|George Duffield photos|
Cocos Island National Park is probably best known for its teeming populations of sharks, rays, and spectacular scalloped hammerhead sharks, sometimes seen numbering in the hundreds. White tip reef sharks are also abundant, as are marbled and eagle rays and endless schools of jacks that swarm the island. Silver tip sharks, Galapagos sharks, black tip sharks, and silky sharks are also sighted regularly. The high point of any diving expedition--whale sharks--are also occasionally observed. More than 270 species of marine fishes are known to swim the reefs and nearshore waters of the island. Marine mammals residing in these aqua-blue waters include bottlenose dolphins and spotted and spinner dolphins. Humpback, sperm and other whales and dolphins migrate through these waters.
Costa Rica's Cocos Island National Park is located in the eastern Pacific Ocean 550 km (340 miles) south of Puntarenas, Costa Rica, Rica and 630 km (394 mi) northeast of the Galapagos Islands of Ecuador. It was established as a National Park in 1978, and in 1987 a 15 km radius of the marine environment surrounding island was added for protection. The marine area was increased to 22.2 km in 2001. Regulations prohibit commercial and recreational fishing. In 1997, the Park was designated a United Nations World Heritage Site.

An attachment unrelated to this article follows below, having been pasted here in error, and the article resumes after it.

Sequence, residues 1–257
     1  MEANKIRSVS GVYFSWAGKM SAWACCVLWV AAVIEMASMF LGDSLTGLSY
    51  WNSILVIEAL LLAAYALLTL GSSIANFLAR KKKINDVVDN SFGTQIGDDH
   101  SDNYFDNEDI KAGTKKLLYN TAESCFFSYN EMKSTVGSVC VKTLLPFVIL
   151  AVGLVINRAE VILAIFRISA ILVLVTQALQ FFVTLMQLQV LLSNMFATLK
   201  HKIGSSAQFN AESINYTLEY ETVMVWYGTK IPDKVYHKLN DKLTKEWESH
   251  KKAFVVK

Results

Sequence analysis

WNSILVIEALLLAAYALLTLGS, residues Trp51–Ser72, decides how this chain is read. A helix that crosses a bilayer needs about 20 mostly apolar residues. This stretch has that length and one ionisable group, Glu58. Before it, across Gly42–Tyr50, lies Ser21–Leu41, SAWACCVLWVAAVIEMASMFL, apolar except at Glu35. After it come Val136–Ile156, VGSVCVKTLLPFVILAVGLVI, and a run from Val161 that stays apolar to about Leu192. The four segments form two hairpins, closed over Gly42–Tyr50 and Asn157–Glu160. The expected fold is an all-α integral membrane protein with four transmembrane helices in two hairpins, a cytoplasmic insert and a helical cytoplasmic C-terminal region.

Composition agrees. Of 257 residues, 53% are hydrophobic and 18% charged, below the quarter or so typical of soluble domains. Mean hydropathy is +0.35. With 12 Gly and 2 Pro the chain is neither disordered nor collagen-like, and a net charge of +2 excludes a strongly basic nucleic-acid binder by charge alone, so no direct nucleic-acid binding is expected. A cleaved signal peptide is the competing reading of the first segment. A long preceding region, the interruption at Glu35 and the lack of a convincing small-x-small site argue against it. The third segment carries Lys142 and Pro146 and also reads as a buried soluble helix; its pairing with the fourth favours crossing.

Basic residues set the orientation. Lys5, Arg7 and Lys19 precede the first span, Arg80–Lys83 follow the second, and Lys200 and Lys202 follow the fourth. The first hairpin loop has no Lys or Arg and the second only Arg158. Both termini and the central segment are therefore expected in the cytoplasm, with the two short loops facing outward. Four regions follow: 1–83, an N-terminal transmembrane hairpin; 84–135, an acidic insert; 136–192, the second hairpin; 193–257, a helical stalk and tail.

Four species of sea turtles have been recorded inside the Park's marine boundaries, though little else is known about the turtles of Cocos, including whether or not any species nest there, though presumably most of the turtles do not (as there is limited nesting habitat). Adult and juvenile green turtles are commonly seen foraging in the marine waters of Cocos Island, as are hawksbill turtles. The migration route of critically endangered Pacific leatherback turtles leaving the most important nesting rookery in the East Pacific, located on Costa Rica's mainland, migrate through the area. Presumably olive ridley turtles also migrate through the Park.
Clearly, Cocos Island is an important foraging area for both adult and green sea turtles, but we do not know if these turtles are part of populations emanating from the Galapagos Islands, the mainland of Central America or possibly even the west Pacific. Very little is known about juvenile green turtles or their foraging habitat, and even less is known about hawksbills in the East Pacific. These are some of the answers we hope to answer with our research and monitoring program which will help elucidate the migration routes to provide necessary policy recommendations to protect and restore the sea turtles of the East Pacific.
For information about how you can join a Cocos Island diving expedition and help support this important research and monitoring work, click here.